Ruby-crowned Kinglet Winter Visitor to Louisiana
Kinglet, Bird of Southern Winter Forests
The tiny Ruby-crowned Kinglet is one of our favorite winter residents. Being just a little bit larger than a hummingbird, you would think that this bird would be shy, but it's not. These lovely little nymphs are in perpetual motion as they travel through the forests in mixed flocks of Carolina Chickadees, Tufted Titmice, Downy Woodpeckers and Brown-headed Nuthatches. The males display their ruby crown only when they are agitated. We hope you enjoy learning a little about the second smallest bird in the U.S.
Ruby-crowned Kinglets: the Winter Fairy Bird of Louisiana
One of our favorite tiny woodland sprites is the Ruby-crowned Kinglet. This fascinating little bird always seems to be in motion. It darts under leaves and flits into vines to eat poison oak berries, then flies back to search for more insects, again and again. The male has a small ruby red spot on the top of its head which is only seen when the little guy becomes irritated or during mating. Since we only host this bird during the fall and winter, we only see the spot when the bird is upset and it is also making a tiny annoyed tittering sound.
The photo above shows one using one of our "Katrina log" feeders. After Hurricane Katrina there were over 150 large, mature trees down. We cut up and removed most of them by hand because we did not want to destroy the native under story plants that were left. As a result, we have many shelf feeders (upright logs) all over the property. "When life gives you lemons, make lemonade."
• A tiny bird, just a little larger than a hummingbird.
• Color is dull, olive-green.
• Bars on the wings
• Ring around the eye.
• Short tail
• Black legs and dull orange-yellow feet
• Always in constant motion and continually flicks its wings.
• Male has red crown which is usually hidden.
• Size: 9-11 cm (4-4 in)
• Wingspan: 16-18 cm (6-7 in)
• Weight: 5-10 g (0.18-0.35 ounces)
• Sexes are similar, but the female is without the red crown.
Sounds and Songs
Watch the video below to hear the songs and sounds of the Ruby-crowned Kinglet.
Ruby-crowned Kinglets do not breed here in Louisiana, but in the northern United States. An interesting fact about their breeding habits is that despite its tiny size, the Ruby-crowned Kinglet lays a very large clutch of eggs. Although the eggs themselves weigh only 0.65 g (0.02 oz), an entire clutch can weigh as much as the female herself.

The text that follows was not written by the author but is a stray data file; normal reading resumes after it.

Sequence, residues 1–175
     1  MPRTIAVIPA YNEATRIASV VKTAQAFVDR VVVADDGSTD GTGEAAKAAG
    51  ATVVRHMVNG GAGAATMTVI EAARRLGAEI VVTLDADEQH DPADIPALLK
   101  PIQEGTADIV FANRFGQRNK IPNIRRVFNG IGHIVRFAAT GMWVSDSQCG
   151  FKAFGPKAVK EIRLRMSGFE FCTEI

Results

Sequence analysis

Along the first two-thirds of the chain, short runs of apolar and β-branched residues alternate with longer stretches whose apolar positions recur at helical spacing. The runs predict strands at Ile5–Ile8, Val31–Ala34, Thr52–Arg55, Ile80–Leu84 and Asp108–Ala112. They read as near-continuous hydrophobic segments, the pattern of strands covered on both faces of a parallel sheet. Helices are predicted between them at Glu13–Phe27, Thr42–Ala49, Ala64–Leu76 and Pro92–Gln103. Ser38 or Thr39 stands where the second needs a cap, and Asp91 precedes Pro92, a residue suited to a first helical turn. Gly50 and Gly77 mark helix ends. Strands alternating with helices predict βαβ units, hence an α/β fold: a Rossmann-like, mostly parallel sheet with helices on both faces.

Reference: All About Birds
Great footage of the calls and songs of Ruby-crowneds doing kinglet things.
Ruby-crowned Kinglet Video
Have you ever observed a kinglet flash its red crown?
Ruby Crowned Kinglet Eggs & Babies Video
Ruby-crowned Eating Suet
Kinglets travel through the forests in mixed groups of Carolina Chickadees, Tufted Titmice, Brown-headed Nuthatches, Pine Warblers and Downy Woodpeckers. In the wild they eat small berries (like poison oak) and insects. According to Martin, Zim and Nelson in American Wildlife and Plants, A Guide to Wildlife Food Habits, while they are primarily insectivorous, one-tenth of Ruby-crowned Kinglets fall and winter food comes from plants. Insects eaten include: wasps, bugs, flies, beetles, plant lice and insect eggs.
Ruby-crowned Kinglets will visit shelf style bird feeders. We often see them on our "Katrina log" feeders, picking at small bits of sunflower seeds or insects. They also love our home made suet and visit our suet feeders daily during the winter. Kinglets also enjoy hummingbird feeders and will steal a sip now and then.
We make out own suet cakes with lard or rendered suet, peanut butter, oatmeal, and sunflower seeds pressed into a pan then cut into pieces to fit into a wire feeder. This one is very sturdy and should last for years if you hang it in such a way that the raccoons and possums can't carry it off.
Ruby-crowned Kinglet Eats
Ruby-crowned Kinglet Bathing Video
We don't get to see this often, though they do visit the bird bath during the winter when they are in Louisiana.
Ruby-crown Kinglet Peeks
Good Camera for Bird Photography
Many birders enjoy photographing birds and other wildlife. We used a Canon PowerShot S5IS for most of the photos on this page, but have moved up to the Powershot SX60 and are very pleased with it. For good photos of birds, you need a camera with at least a 12X optical image stabilized zoom.
Good shots of a male flashing his ruby crown as he bounces around as kinglets do.
© 2008 Yvonne L B